Sounds complicated? Yes it is, but also this low level access to the render/update loop proves essential for millisecond management. It adds an overall small overhead to the application but we take this back with the performance gains that we squeeze by micro-managing everything. To achieve a 60fps we need to be able to have all of our frames rendered in less than 16-17ms.

Also using this system we can off-load some of the heavy methods that are calculated on load time and have them run async in the background. Effectively reducing the initial load time. On the build posted below you will notice that the stars appear loading one by one, which is true because their loading method is executed with an interval of 0.2-0.3 seconds.

We created 4 different update queues, in which each script can register any number of update methods and handle how and when they are executed:

Update: {
    queueSequence: [], // one job is executed on each frame
    queueEachFrame: [], // all jobs are executed on each frame
    queueFixed: [], // all jobs are executed on a fixed time interval
    queueAsync: [], // each job is executed on its own defined interval
    queues: [],
    paused: false

To properly take advantage of this update control we now have, we created a camera-distance.js script which allows objects (stars, planets etc.) to listen for camera events that fire when a specific distance from the object is reached.

this.cameraLevels = {
    planet: 250,
    system: 10000,
    neighborhood: 100000,
    galaxy: 1000000

This means when viewing a star system from a distance greater than 10.000, the planets can be hidden and their orbit loops paused.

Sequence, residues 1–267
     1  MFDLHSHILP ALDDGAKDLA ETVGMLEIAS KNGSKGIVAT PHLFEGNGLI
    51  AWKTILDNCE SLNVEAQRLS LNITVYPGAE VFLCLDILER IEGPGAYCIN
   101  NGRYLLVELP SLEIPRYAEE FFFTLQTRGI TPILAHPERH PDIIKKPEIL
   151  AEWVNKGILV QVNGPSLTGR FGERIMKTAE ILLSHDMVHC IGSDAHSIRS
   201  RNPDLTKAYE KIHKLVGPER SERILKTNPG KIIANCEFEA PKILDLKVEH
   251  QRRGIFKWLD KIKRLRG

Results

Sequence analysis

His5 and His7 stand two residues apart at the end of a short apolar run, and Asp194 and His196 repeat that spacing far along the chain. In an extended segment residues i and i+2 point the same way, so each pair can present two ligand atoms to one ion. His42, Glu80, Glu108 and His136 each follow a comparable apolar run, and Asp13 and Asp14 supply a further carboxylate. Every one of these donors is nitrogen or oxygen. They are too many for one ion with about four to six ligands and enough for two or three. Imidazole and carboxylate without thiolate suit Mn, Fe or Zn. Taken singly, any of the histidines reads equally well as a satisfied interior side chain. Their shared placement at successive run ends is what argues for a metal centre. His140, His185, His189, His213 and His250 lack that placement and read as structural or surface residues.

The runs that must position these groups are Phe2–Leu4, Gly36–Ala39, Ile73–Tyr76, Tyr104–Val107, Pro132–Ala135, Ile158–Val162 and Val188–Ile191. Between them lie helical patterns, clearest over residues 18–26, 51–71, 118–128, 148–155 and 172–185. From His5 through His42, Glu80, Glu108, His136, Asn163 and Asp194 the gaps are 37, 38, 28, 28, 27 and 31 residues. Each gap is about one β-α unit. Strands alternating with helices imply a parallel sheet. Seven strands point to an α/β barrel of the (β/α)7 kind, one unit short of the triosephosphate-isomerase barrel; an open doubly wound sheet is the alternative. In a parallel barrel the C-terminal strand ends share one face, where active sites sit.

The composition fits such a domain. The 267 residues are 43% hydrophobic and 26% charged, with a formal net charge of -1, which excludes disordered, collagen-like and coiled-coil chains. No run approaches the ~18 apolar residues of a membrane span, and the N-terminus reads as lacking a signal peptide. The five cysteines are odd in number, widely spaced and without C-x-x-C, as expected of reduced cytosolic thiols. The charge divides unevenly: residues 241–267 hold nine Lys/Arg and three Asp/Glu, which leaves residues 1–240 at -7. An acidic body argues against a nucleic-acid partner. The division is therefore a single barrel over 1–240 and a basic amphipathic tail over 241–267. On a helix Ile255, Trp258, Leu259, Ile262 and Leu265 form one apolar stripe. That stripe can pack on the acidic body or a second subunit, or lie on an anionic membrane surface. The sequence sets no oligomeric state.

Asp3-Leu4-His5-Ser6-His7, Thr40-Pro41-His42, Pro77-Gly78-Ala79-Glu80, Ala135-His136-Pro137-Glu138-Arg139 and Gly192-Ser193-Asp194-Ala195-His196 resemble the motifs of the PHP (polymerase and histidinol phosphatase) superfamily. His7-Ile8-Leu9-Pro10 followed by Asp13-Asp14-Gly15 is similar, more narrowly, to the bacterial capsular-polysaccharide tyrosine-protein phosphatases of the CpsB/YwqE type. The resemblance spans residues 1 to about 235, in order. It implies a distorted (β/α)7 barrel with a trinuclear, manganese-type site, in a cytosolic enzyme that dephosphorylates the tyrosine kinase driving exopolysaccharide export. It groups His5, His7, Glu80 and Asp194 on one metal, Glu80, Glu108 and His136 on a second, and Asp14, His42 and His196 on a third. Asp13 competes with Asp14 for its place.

We use those hooks for managing during runtime the update threshold for async loops. For example the star flare billboards that use a lookAt camera method require 4-5ms per frame to be calculated for 300 stars. If we slow down the update time from once per frame to once every 0.2 seconds, to improve performance, we notice a jitter in the motion of the flare. For a billboard that is close to camera that is unacceptable but for billboards that are far away it isn't (distant stars). Anyhow, we could always simulate the speed of light which is quite slow for such distances, that way this looks right :)

We did something like this which allowed us to gain 3-4ms per frame from those methods, as at any given frame only a handful of stars are close to the camera:

// --- camera distance events
this.on('Camera:space', function(level){

    switch(level) {
        case 'planet':          this.handleCameraDistance(true);
        case 'system':          this.handleCameraDistance(true);
        case 'neighborhood':    this.handleCameraDistance(false);
        case 'galaxy':          this.handleCameraDistance(false);
}, this);

StarFlare.prototype.handleCameraDistance = function(state){

    if( state === true ){
        // Zero here means this update method will run per frame

Here is a test build in which you can orbit around our solar system and 300+ stars. Hint, if you know where Proxima Centauri is located you can get a glimpse of some ... exoplanets!

Escaping Earth 0.018 build

And here is a build to help you navigate around with the star names labeled:

Escaping Earth 0.018 build

The star systems rendered are created automatically based on the data consumed on load time, loaded from the star database. But any system can be overridden through the Playcanvas editor, and planets or other objects like asteroid belts can be added. Even a second sun!

Playcanvas editor

This will allow creating hand crafted star systems as the story and concept art progress.


Where we go from here?

Stay tuned! We are already in the process of developing some cool space stuff and taking off the limits of HTML5 games. If you would like to see more articles like this support us on our Patreon page. We would to love to have the resources to turn these blog posts to full blown tutorials.

If you haven't played the prototype, now is the time! You can access it here: Escaping Earth

Thanks for reading!

Escaping Earth, 3D space platformer - prototype